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North American markets plummet

TORONTO – North American stock markets took a hammering Thursday as investors grew ever more pessimistic about the economy with evidence mounting that a serious slowdown may be under way.

The S&P/TSX composite index plunged 435.89 points to 12,380.13, its biggest one-day decline since late June, 2009, while the TSX Venture Exchange fell 112.34 points to 1,853.34.

The Canadian dollar also got caught up in the downdraft as tumbling prices for oil and metals helped push the currency down 1.8 cents to 102.09 cents US.

New York markets also fell hard, with the Dow Jones industrial average tumbling 512.76 points to 11,383.68. The Nasdaq composite index dropped 136.68 points to 2,556.39 while the S&P 500 index was down 60.27 points to 1,200.07.

Just a couple of weeks ago, investors were concerned the U.S. economy had hit a soft patch. Since then a raft of economic data have raised worries it will slip back into recession. Manufacturing, consumer spending and hiring by private companies are below levels that are consistent with a healthy economy.

“It has now become completely about the economy,” said Sid Mokhtari, market technician at CIBC World Markets.

“The evidence suggest there is now the risk of a serious economic slowdown.”

Investors will be looking towards economic data released Friday for more perspective on the direction of the U.S. economy.

Expectations are modest for tomorrow’s U.S. non-farm payrolls report for July, with economists expecting something in the neighbourhood of 75,000 jobs created. Pessimism deepened after jobless insurance claims last week were down by only 1,000.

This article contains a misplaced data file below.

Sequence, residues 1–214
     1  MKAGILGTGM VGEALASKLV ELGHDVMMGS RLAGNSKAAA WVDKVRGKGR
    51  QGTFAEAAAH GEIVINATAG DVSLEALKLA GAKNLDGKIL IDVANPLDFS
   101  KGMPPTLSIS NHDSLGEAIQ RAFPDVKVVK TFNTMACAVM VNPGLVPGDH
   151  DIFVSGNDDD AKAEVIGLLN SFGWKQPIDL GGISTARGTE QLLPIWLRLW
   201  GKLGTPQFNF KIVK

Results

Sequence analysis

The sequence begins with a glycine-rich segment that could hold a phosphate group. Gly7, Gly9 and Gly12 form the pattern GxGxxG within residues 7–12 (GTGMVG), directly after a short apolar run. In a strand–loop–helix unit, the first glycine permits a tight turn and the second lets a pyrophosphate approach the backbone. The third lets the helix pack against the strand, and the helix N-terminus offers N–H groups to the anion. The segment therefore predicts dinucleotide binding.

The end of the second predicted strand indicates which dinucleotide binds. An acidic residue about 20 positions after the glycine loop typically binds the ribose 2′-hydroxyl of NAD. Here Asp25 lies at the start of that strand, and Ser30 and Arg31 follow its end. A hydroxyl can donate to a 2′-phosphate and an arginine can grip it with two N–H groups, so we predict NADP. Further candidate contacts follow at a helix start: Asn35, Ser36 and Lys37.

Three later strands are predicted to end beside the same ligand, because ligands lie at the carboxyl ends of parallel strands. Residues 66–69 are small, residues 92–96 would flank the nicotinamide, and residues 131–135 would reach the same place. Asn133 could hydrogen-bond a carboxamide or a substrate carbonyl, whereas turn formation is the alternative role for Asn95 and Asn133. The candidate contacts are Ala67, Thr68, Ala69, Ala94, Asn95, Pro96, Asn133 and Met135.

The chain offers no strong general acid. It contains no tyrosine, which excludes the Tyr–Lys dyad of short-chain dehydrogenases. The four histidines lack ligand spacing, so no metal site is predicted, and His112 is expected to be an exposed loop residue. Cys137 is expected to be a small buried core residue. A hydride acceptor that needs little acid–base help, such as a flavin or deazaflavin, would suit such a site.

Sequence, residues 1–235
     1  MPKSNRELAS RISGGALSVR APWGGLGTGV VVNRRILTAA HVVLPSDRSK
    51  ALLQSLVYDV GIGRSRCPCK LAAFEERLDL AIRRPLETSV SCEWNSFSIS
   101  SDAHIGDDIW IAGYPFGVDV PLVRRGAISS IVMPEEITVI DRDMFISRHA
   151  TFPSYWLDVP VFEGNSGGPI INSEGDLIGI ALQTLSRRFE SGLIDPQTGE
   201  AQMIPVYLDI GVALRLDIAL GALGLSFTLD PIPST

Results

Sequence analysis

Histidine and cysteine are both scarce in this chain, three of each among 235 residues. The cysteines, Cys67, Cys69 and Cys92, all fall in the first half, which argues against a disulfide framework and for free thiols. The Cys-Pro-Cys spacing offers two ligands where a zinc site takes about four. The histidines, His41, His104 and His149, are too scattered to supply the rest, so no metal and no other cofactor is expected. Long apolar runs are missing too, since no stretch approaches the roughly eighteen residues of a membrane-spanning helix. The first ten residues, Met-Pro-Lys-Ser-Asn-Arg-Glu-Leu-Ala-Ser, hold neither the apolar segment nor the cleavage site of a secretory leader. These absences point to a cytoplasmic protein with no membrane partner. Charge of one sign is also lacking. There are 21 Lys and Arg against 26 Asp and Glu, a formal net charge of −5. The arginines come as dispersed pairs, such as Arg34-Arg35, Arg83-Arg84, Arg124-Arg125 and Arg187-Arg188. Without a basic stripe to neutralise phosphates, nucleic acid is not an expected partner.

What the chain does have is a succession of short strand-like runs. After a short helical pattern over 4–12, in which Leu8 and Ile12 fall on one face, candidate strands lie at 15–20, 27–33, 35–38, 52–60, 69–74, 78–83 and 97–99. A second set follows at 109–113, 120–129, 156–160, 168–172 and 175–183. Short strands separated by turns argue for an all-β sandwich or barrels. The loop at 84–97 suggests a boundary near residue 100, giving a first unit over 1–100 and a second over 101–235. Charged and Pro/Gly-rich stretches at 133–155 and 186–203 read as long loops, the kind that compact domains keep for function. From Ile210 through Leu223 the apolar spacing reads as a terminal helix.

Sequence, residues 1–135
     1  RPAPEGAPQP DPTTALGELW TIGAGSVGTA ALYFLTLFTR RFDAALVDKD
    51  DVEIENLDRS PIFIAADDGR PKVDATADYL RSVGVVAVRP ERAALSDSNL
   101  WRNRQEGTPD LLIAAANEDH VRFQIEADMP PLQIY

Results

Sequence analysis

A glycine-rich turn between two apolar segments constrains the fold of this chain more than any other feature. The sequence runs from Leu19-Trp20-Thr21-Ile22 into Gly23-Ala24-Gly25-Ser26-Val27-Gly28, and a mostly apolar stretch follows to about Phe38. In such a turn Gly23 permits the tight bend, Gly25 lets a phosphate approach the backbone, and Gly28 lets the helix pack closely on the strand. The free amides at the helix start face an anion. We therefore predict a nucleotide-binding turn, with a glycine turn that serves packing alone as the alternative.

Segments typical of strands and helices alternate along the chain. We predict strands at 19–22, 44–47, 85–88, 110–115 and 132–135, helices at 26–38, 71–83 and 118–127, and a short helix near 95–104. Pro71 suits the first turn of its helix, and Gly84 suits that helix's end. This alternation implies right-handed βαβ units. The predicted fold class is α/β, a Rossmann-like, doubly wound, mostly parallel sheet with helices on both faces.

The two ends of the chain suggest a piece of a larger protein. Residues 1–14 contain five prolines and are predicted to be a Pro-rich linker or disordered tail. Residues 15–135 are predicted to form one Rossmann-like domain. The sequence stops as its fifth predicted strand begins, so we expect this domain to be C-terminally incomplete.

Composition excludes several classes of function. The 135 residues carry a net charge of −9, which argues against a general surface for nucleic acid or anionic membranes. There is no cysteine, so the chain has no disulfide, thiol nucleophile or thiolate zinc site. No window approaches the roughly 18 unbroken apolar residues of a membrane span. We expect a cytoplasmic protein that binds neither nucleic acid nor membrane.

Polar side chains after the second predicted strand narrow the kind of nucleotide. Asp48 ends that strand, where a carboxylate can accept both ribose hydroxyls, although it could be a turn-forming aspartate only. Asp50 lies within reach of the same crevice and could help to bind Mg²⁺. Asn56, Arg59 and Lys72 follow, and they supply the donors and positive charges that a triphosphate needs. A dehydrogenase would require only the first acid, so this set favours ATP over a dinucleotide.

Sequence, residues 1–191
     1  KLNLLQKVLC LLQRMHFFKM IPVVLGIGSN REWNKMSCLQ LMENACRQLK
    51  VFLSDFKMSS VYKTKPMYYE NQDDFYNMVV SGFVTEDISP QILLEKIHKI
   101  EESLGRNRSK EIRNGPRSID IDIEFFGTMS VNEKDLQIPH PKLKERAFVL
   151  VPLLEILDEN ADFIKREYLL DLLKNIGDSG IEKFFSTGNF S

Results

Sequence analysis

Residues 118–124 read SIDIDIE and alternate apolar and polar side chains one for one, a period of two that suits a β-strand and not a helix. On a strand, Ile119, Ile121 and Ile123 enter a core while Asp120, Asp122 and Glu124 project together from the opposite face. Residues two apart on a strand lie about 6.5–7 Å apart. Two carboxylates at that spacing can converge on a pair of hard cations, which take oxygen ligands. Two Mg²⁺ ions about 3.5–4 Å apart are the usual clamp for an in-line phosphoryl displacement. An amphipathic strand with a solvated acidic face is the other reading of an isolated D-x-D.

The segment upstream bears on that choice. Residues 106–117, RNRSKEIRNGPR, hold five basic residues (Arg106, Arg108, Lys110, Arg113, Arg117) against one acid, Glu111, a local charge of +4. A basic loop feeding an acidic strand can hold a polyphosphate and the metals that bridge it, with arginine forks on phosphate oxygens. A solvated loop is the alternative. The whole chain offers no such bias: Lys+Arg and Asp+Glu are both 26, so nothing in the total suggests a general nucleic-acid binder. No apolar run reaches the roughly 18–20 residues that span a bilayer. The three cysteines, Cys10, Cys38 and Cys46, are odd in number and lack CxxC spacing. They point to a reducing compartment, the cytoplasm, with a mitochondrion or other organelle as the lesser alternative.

“If numbers are in line or below what the consensus is, I think we will see the selling pressure continue,” added Mokhtari.

“If it’s better, above estimates, it’s reasonable to say that maybe we can set the tone a little bit better. But having said that, you need about a month or so to get another round of numbers coming at us before we can put a bottom to this thing.”

Canadian jobless figures for July will also be released on Friday and economists expect about 20,000 jobs were created.

Stock buying sentiment has also been hard hit recently by concerns that Italy or Spain may need financial help from the European Union. The benchmark stock indexes in Italy, Germany and England each fell by three per cent Thursday.

Markets have also been driven lower by the weeks of bitter partisan wrangling that preceded an agreement by American lawmakers to raise the U.S. debt limit and avoid a default. The flight to safety has resulted in large investors moving so much money into cash accounts at Bank of New York that on Thursday the bank said it would begin charging some clients a 0.13 per cent fee to hold their cash.

The sour sentiment has taken a substantial toll on the TSX, which has lost ground in six of the last eight sessions, taking the Toronto market down more than eight per cent below where it started 2011 trading.

The Canadian dollar was also affected by the Bank of Japan’s move to control the rise of the yen by selling the currency and buying the greenback.

Asian stock markets tumbled Friday amid fears the U.S. may be heading back into recession and Europe’s debt crisis is worsening.

The sell-off in Asia on Friday follows the biggest one-day points decline on Wall Street since the 2008 financial crisis.